Most of the Kola Peninsula lies above the Arctic Circle and has a vast amount to offer. The southern half is taiga forest and mountains while the northern part is tundra. Some of the inhabitants are Saami, indigenous to the area, as well as Komi and Nenets who arrived from the nearby Kanin Peninsula 150 years ago. Many of them practice semi-nomadic reindeer herding and, in the winter, some keep their herds high in the mountains. The driving of the reindeer down the mountain slopes and into the tundra in late April is a truly spectacular event. Another non-mainstream culture on the peninsula is that of the Pomors, descendents of the first Russians to arrive starting in the 11th Century. A trip along Kola’s White Sea coast will take you through some of their wooden cottage villages as well as past a few beautiful, centuries-old log churches. Before all these cultures, however, another one lived here since at least the 3rd millennium BC and has left its mark in the form of petroglyphs, standing stones and stone labyrinths that dot the peninsula in hard-to-find locations.
The BAM's biggest and prettiest town, Komsomolsk-Na-Amure is only eleven hours from the railway's terminus on the Pacific coast (and the ferry to Sakhalin island) or six from Khabarovsk on the Trans-Siberian Railway. It was named after volunteers from the Komsomol youth organization but was actually mostly built by Gulag concentration camp victims. Women from all over the Soviet Union were then sent out to populate the previously all-male city. Unusually for a Stalin-built town, particularly for a BAM town, its centre has pretty, modestly colourful buildings built in the Tsarist style, some wide avenues, strollable river banks, outdoor cafes and even a beach. Not far out of town there are impressive mountains with trekking, rafting and skiing possibilities. There are also some villages of the indigenous Nanai people in the area, although most of what remains of their pre-Russian culture is limited to museum displays.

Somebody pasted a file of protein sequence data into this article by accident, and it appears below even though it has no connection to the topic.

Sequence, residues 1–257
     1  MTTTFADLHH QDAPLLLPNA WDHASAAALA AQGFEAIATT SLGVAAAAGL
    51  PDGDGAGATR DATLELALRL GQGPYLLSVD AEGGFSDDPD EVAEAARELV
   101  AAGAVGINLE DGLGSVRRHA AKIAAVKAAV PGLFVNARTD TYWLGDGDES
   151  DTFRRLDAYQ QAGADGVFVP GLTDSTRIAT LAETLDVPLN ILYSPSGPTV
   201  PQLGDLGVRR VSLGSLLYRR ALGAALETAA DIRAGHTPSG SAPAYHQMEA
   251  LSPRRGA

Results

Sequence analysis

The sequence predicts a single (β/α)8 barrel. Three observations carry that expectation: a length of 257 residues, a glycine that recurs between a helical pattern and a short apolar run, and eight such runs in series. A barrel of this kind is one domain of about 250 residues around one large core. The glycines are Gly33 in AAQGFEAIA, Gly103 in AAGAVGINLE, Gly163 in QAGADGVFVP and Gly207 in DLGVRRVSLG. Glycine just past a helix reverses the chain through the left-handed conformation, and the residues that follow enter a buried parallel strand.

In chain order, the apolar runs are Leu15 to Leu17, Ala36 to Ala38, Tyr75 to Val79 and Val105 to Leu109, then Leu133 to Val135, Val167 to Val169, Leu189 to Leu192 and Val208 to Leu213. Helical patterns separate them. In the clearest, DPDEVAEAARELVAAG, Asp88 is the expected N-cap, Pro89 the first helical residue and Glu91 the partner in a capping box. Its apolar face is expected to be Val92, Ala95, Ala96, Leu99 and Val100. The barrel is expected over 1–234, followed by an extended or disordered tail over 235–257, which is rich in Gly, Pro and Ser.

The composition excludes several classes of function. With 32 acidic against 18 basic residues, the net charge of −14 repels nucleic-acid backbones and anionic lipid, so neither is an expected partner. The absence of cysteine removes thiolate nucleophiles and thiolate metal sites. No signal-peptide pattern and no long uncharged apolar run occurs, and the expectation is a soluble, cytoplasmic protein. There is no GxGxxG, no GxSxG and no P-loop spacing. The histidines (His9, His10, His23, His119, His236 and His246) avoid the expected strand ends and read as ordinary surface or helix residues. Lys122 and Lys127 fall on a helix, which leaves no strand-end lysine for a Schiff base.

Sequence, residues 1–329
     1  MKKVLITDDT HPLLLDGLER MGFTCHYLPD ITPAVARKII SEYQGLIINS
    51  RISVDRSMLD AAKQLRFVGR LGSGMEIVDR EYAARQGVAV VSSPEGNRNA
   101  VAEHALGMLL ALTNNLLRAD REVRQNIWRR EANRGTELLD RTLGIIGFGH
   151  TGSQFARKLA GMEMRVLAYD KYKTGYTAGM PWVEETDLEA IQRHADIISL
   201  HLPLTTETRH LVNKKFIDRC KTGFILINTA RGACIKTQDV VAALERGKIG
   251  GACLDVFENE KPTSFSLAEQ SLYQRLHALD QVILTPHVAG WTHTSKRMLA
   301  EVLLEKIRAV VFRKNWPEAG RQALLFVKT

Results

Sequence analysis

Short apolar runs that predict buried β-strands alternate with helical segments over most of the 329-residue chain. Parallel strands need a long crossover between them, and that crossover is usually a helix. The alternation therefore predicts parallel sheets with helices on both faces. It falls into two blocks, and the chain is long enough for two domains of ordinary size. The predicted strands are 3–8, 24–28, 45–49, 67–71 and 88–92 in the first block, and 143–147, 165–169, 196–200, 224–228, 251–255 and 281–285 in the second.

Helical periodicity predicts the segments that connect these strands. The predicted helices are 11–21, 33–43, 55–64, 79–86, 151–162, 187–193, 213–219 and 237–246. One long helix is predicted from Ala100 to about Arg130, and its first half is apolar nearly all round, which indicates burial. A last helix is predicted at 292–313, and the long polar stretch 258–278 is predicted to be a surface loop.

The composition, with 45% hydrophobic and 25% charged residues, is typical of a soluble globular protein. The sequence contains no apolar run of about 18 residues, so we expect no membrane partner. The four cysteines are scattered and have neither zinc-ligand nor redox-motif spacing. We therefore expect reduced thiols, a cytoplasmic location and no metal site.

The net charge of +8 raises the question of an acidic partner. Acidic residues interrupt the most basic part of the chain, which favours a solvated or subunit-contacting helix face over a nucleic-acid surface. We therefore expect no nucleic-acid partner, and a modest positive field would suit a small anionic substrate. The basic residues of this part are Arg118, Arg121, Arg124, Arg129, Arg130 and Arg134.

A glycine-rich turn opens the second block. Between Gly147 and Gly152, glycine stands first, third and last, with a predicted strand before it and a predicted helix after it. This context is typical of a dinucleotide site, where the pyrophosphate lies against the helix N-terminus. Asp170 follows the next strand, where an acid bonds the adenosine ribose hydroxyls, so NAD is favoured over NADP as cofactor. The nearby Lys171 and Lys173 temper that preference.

Lake Baikal is so large that it is hard to fully grasp its immensity: 636 km long, about 60 km wide and up to 1637 m deep, making it the deepest lake in the world. Any view from the shore makes it look more like sea than a confined body of water. The crystal clear fresh water is drinkable at most places and is home to some very yummy fish, like the omul. The railway from Irkutsk to Ulan-Ude runs parallel to the shore for a while but to really experience the lake, go to Olkhon island or at least Listvyanka, a village on the shore 70 km from Irkutsk.
A lot of things have changed in Russia since the red communist days. Moscow has climbed out of its Soviet shadow and is today ranking as the most expensive city in the world. This doesn't mean that Moscow is all glam, fancy shops, sophisticated eateries and new high-rises. They certainly are all here, but the main attractions and sights are still Soviet relics, in one way or another. The Red Square with the mausoleum of Lenin, the gorgeous decorated metro system, old Soviet bunkers, KGB headquarter and so on. But then, when the night falls, the new Moscow wakes up. The drinking/bar/clubbing scene is diverse - and there is absolutely nothing Soviet-drab about the party crowd.